That he believes his canvases are more likely to offer insight into him than vice versa is perhaps understandable when one considers that his mother is a psychoanalyst. (His adept deflections are also put in perspective.) When Kuitca was growing up, his mother had two offices in their house, one for adult patients, the other for children. “I was part of that tradition when, if you had a fever or a cough, they would take you to the analyst, not to the doctor,” he explains, pointing out that Buenos Aires has the most shrinks per capita of any city in the world. Kuitca’s first visit to an analyst was at age three. “I hated it,” he says definitively, if curiously. Unlike adults, who typically stretch out on the couch and try to remember their dreams, children undergoing treatment are handed paper and crayons. “They make you draw,” Kuitca says, “and they make interpretations.” He was sent again at seven or eight for his allergies and asthma, conditions he believes the therapist cured, though he still loathed having to go. “It was traumatic because every child has dark areas, places that were obscure and unknown to us and that we wish were different,” he says. Clearly, it wasn’t making pictures that bothered him; by nine he had a private art instructor. “I knew that the kids that went to my home to get treatment with my mom were also painting and doing drawings. As a kid, you have a box with all your materials. I remember stealing crayons and watercolors and pages from other kids,” he confesses. “That was my little revenge. I don’t know if she ever knew that.” Freud would no doubt have a field day with that one.
Eminent curator Robert Storr, who has known Kuitca for years and included his “Diarios” in the 2007 Venice Biennale’s International Pavilion, says the specifics of Kuitca’s life story are less relevant to understanding his art than “the way in which sublimation operates. You can feel the pressure of private realities and private truths, and that pressure is all-important, but knowing them is not what the work is about, in part because they remain in some degree mysterious to Guillermo.”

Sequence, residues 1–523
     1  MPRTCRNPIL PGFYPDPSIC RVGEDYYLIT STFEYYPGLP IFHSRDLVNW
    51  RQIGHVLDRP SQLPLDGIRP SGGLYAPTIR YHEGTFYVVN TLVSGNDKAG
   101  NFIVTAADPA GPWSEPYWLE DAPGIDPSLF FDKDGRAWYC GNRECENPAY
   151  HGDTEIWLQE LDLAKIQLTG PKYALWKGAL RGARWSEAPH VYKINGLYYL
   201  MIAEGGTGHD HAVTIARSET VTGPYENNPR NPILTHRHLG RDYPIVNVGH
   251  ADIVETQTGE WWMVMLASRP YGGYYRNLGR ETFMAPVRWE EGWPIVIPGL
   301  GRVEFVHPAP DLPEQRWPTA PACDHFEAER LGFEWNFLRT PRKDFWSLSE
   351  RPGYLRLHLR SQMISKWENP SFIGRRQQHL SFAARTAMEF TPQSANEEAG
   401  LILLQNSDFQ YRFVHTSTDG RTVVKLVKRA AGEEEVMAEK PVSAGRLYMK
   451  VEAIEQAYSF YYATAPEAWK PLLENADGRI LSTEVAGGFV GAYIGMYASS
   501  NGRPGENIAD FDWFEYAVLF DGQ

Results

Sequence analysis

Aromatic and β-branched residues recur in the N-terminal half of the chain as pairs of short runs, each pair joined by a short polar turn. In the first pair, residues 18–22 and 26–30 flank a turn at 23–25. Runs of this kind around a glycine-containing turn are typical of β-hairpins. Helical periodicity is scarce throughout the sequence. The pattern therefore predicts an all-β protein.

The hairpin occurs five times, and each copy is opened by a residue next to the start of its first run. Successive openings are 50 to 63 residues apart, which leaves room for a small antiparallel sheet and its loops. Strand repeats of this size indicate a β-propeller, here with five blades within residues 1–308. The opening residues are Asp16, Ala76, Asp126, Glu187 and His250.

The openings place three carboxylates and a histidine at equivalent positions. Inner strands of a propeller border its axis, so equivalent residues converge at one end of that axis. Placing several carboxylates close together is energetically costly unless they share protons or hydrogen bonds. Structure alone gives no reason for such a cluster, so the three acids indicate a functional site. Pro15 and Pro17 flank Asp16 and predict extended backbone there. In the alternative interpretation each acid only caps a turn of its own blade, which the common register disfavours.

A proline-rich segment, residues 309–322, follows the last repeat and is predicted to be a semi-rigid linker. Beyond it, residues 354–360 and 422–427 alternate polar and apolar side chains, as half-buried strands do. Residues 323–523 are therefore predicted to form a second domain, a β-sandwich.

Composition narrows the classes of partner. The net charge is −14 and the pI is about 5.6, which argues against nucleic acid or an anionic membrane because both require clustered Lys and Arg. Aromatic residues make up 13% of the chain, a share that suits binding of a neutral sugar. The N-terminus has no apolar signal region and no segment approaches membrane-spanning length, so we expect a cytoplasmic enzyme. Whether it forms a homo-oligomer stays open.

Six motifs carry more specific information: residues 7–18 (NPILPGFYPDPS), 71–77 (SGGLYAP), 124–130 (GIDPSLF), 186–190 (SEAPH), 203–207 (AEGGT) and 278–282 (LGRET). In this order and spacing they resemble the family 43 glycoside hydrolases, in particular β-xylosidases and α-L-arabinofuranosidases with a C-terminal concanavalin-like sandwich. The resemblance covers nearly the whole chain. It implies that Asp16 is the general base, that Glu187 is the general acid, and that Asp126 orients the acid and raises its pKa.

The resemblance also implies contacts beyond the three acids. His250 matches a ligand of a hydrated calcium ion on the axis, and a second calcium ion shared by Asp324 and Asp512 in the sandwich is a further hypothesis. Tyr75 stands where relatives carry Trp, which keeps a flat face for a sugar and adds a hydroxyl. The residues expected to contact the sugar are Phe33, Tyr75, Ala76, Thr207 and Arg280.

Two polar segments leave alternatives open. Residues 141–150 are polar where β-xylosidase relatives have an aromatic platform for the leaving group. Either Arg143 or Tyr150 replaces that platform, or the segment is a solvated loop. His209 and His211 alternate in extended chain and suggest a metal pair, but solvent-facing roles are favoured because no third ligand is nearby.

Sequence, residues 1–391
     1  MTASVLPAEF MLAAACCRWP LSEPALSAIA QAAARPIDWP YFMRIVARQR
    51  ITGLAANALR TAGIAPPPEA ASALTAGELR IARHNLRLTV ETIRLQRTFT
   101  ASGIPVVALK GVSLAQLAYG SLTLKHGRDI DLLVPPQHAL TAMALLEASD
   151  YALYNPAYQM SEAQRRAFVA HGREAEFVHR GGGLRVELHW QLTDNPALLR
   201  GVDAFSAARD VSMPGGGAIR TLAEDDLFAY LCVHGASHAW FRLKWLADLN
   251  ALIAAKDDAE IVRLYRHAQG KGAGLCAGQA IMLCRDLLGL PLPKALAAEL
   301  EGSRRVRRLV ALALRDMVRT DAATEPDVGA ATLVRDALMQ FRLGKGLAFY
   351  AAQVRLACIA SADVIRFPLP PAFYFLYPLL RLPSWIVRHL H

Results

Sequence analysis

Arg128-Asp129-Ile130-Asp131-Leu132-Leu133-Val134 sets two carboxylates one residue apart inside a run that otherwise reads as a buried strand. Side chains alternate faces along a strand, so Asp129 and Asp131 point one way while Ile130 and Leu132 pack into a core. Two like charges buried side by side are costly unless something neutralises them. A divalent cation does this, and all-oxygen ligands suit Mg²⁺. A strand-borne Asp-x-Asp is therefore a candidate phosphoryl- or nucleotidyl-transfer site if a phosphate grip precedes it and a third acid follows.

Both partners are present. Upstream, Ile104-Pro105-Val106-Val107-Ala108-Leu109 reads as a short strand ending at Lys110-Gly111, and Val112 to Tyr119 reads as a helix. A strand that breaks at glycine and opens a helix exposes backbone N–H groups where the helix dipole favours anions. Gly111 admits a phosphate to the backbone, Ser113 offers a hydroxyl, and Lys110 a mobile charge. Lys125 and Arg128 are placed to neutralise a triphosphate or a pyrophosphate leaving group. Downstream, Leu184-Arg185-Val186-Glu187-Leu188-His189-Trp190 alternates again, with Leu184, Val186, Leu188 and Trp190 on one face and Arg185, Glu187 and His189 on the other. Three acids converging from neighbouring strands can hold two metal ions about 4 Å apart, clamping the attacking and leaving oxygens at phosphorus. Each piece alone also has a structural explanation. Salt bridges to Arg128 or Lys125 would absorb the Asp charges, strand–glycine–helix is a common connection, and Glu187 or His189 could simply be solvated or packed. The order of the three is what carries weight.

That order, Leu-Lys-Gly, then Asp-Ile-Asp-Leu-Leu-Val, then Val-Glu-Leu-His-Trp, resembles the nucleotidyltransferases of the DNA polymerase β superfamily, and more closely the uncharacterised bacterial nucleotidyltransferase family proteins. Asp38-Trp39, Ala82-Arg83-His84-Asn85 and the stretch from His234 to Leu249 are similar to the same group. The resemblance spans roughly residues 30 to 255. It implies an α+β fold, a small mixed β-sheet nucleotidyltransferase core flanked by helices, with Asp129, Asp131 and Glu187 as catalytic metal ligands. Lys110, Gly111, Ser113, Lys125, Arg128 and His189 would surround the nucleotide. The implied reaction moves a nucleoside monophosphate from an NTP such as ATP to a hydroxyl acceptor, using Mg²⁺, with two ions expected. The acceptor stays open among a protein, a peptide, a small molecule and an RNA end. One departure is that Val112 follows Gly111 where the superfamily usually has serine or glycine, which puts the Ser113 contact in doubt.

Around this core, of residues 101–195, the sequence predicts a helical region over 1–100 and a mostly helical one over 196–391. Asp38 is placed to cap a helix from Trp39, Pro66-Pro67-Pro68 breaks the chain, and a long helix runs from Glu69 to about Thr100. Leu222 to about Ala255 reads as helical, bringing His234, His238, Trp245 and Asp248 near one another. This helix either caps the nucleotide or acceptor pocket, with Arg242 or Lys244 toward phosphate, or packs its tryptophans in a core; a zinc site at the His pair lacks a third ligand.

Still, Kuitca’s personal history is nothing if not compelling. All four of his Russian Jewish grandparents immigrated to Argentina, a country filled, not unlike the U.S., with foreign-born refugees and fortune seekers. In Buenos Aires, a city with a significant Jewish community, his mother and his father, an accountant, created an assimilated and secular life for Kuitca and his sister. Kuitca, in fact, jokes that his first solo gallery show, held when he was a precocious 13, substituted for a bar mitzvah. His teacher, Ahuva Szlimowicz, had pushed him to show, though the gallerists his father approached warned against a premature debut. “No one said I was a genius,” Kuitca says wryly. The exhibition of Expressionist paintings was far from a disaster, though he does now laugh at the all-black getup he wore to the opening and at his titles, which he shamelessly lifted from Carly Simon songs. But he had a seriousness of purpose, and, he adds proudly, “it didn’t take me a single day to go back to work again.”
At around 16, the prodigy discovered a new passion: theater. He enrolled in a directing course, thinking ideas about staging might translate to painting. He recalls simultaneously becoming “cynical about how much you could achieve in your painting. There was a time when painting was not even in the landscape of contemporary art—and it wasn’t painful for me. It was just like, I got the message. I didn’t want to carry a torch.” His burgeoning interest in theater came against the backdrop of Argentina’s brutal dictatorship. As he watched many of his mother’s colleagues flee and the children of family friends added to the tolls of the “disappeared,” he wondered if painting could ever be politically relevant. Kuitca’s own family kept under the radar. Though he says he has never asked his parents why they stayed in Argentina—and why they stayed quiet—he suspects they dreaded the prospect of becoming immigrants like their parents. “There was a lot of daily life, at least for people like me who were not in danger of being…I don’t know…,” he says, trailing off.